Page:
October 22, 2012
Between 12,000 and 15,000 people participated in the 26th annual AIDS Walk Philly on October 21, according to AIDS Fund, the event organizer. Participants marched to raise money and call attention to a disease that they fear is falling away from the public's consciousness. According to the Centers for Disease Control and Prevention, in the United States, one in five persons infected with HIV does not realize it, and Philadelphia has an infection rate five times higher than the national average.
The walk began near the base of the steps of the Philadelphia Museum of Art, where college students, church groups, parents with children in strollers, and sorority sisters marched 12 kilometers. Others participated in a 5-K run or viewed the exhibits. A timeline of HIV was constructed near the Art Museum steps depicting prominent moments in the epidemic, including the reporting of the first cases in 1981 and the 1993 Academy award for the movie "Philadelphia." People could view an AIDS quilt display depicting lives cut short by the disease.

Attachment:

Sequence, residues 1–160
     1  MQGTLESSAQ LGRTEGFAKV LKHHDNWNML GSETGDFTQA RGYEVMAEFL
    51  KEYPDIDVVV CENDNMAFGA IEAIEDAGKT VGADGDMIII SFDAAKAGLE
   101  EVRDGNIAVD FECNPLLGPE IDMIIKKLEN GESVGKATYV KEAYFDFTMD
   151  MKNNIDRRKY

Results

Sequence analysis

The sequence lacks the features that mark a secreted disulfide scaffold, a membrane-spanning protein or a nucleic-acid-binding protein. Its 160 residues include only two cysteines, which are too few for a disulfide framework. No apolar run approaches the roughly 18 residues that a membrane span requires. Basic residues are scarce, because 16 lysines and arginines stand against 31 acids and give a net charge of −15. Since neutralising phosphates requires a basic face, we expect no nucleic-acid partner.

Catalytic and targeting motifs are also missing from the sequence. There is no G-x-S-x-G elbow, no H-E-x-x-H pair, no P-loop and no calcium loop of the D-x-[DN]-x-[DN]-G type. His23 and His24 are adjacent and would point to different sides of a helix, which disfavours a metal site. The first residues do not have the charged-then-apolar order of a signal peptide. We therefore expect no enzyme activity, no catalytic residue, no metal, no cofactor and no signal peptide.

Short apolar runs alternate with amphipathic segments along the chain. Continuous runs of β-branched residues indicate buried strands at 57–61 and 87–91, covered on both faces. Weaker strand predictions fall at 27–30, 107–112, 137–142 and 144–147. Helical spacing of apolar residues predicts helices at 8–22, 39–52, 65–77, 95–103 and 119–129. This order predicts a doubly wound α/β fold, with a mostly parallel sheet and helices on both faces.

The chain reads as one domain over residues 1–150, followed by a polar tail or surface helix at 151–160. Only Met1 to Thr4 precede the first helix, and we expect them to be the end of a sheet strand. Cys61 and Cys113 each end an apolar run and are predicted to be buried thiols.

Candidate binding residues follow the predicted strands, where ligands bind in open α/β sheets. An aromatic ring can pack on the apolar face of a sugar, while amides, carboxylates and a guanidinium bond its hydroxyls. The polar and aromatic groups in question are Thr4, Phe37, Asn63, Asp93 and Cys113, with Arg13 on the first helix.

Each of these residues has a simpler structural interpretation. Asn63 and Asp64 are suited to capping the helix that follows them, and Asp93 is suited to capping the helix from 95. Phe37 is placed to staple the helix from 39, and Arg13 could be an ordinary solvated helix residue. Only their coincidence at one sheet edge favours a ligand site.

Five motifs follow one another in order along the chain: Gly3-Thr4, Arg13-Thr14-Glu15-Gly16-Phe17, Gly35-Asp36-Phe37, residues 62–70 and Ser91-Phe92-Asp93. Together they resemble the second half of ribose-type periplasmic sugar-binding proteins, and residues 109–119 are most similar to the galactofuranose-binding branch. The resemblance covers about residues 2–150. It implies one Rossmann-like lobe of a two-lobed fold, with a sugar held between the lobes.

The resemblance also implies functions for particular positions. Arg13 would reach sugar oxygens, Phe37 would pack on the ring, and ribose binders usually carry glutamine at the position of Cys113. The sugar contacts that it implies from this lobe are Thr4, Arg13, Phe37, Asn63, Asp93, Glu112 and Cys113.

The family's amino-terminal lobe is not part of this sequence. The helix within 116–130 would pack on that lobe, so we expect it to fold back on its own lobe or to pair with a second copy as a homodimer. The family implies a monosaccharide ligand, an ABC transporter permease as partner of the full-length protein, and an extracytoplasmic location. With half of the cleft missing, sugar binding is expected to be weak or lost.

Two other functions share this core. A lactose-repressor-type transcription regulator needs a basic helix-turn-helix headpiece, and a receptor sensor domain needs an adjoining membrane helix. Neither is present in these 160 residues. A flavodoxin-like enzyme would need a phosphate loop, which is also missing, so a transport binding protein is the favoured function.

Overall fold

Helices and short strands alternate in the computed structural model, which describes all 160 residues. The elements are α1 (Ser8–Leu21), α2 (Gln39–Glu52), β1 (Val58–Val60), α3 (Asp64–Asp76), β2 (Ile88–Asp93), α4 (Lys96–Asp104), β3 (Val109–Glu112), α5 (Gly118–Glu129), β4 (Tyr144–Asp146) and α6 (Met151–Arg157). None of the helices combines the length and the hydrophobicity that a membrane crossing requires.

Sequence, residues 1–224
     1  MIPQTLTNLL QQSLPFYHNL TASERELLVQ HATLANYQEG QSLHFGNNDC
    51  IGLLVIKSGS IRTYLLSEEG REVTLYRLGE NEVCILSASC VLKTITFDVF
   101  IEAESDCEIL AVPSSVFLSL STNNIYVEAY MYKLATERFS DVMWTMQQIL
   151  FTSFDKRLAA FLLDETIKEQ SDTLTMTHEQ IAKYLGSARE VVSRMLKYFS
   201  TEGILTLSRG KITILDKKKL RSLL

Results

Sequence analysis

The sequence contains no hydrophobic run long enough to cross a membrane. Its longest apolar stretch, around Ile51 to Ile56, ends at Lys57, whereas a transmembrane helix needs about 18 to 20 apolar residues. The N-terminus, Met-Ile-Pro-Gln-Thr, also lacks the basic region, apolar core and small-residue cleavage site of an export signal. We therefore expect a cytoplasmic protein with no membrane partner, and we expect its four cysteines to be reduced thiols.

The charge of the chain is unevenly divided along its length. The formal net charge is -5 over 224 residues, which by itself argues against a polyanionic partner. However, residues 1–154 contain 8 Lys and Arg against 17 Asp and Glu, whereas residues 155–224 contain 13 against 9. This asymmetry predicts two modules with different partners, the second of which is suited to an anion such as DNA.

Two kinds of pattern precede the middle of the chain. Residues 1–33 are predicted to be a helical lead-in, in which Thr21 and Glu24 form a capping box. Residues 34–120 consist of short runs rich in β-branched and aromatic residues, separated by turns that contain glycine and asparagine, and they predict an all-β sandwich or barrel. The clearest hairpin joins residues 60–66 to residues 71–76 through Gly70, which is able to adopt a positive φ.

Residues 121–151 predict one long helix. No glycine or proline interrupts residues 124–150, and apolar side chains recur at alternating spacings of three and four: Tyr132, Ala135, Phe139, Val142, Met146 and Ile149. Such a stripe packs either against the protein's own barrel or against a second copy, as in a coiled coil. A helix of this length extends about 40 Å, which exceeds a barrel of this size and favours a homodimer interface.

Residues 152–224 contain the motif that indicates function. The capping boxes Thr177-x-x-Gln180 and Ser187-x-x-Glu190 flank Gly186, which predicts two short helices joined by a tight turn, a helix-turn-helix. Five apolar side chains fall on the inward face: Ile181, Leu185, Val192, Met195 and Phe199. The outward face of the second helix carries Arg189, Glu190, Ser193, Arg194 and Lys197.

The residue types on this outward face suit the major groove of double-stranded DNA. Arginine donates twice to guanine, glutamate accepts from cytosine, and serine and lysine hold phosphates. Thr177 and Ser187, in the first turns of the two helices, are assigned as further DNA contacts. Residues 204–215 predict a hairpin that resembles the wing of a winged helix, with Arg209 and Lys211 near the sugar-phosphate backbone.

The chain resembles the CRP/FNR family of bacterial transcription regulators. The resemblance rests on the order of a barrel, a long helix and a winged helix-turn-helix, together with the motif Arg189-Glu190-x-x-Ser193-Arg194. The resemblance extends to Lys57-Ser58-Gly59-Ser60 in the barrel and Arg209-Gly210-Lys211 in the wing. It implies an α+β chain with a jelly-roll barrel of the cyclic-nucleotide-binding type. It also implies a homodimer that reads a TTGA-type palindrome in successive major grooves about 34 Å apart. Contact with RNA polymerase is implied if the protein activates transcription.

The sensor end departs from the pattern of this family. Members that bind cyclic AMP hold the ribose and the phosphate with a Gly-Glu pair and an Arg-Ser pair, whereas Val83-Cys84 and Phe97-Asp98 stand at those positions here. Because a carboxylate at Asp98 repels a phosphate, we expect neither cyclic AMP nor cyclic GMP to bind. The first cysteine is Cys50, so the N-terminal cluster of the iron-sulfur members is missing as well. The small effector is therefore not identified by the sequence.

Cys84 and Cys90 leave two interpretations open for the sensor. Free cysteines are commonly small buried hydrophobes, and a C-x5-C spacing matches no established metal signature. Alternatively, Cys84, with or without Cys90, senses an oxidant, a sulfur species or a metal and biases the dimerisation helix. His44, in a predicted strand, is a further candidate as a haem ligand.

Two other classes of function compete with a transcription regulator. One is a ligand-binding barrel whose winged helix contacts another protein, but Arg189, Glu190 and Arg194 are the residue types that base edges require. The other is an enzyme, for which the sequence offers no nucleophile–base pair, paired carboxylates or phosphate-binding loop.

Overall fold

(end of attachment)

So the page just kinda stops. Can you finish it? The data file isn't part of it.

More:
Before the walk began, participants took turns reciting the names of local AIDS victims over a public address system. AIDS Fund officials said the event raised $375,000, matching the 2011 total, to support a variety of local organizations that provide counseling, education, hospice care, meals, and other services.